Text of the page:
*false positive*= chance you don’t have cancer * chance test caught it anyway = 99% * 9.6% = 0.09504

The table looks like this:

And what was the question again? Oh yes: what’s the chance we really have cancer if we get a positive result. The chance of an event is the number of ways it could happen given all possible outcomes:

`Probability = desired event / all possibilities`

The chance of getting a real, positive result is .008. The chance of getting any type of positive result is the chance of a true positive plus the chance of a false positive (.008 + 0.09504 = .10304).

So, our chance of cancer is .008/.10304 = 0.0776, or about 7.8%.

Interesting — a positive mammogram only means you have a 7.8% chance of cancer, rather than 80% (the supposed accuracy of the test). It might seem strange at first but it makes sense: the test gives a false positive 9.6% of the time (quite high), so there will be **many** false positives in a given population. For a rare disease, **most** of the positive test results will be wrong.

Let’s test our intuition by drawing a conclusion from simply eyeballing the table. If you take 100 people, only 1 person will have cancer (1%), and they’re most likely going to test positive (80% chance). Of the 99 remaining people, about 10% will test positive, so we’ll get roughly 10 false positives. Considering all the positive tests, just 1 in 11 is correct, so there’s a 1/11 chance of having cancer given a positive test. The real number is 7.8% (closer to 1/13, computed above), but we found a reasonable estimate without a calculator.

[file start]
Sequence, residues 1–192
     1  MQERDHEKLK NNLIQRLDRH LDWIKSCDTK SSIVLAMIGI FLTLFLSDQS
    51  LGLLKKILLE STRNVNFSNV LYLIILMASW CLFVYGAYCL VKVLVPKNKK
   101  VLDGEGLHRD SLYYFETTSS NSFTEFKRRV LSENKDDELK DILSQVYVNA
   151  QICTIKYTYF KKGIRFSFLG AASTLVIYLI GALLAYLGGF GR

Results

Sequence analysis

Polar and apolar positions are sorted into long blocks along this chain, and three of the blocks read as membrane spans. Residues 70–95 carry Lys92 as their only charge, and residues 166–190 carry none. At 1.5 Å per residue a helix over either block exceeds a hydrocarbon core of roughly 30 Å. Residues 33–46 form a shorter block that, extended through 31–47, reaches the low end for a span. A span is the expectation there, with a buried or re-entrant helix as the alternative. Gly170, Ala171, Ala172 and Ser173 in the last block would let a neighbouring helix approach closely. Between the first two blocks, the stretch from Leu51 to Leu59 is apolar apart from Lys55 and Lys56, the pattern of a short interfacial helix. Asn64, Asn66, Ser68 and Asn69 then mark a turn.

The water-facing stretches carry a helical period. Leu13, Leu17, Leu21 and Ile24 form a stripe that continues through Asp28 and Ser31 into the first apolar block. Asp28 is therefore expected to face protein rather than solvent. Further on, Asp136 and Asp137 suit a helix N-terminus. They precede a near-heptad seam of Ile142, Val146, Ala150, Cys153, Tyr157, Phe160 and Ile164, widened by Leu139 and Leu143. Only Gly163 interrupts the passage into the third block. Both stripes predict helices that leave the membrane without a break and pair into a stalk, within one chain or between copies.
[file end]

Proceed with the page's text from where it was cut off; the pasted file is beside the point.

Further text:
## Bayes’ Theorem

We can turn the process above into an equation, which is Bayes’ Theorem. It lets you take the test results and correct for the “skew” introduced by false positives. You get the real chance of having the event. Here’s the equation:

And here’s the decoder key to read it:

- Pr(A|X) = Chance of having cancer (A) given a positive test (X). This is what we want to know: How likely is it to have cancer with a positive result? In our case it was 7.8%.
- Pr(X|A) = Chance of a positive test (X) given that you had cancer (A). This is the chance of a true positive, 80% in our case.
- Pr(A) = Chance of having cancer (1%).
- Pr(not A) = Chance of not having cancer (99%).
- Pr(X|not A) = Chance of a positive test (X) given that you didn’t have cancer (~A). This is a false positive, 9.6% in our case.

Try it with any number:

It all comes down to the chance of a **true positive result** divided by the **chance of any positive result**. We can simplify the equation to:

Pr(X) is a normalizing constant and helps scale our equation. Without it, we might think that a positive test result gives us an 80% chance of having cancer.

Pr(X) tells us the chance of getting *any* positive result, whether it’s a real positive in the cancer population (1%) or a false positive in the non-cancer population (99%). It’s a bit like a weighted average, and helps us compare against the overall chance of a positive result.

In our case, Pr(X) gets really large because of the potential for false positives. Thank you, normalizing constant, for setting us straight! This is the part many of us may neglect, which makes the result of 7.8% counter-intuitive.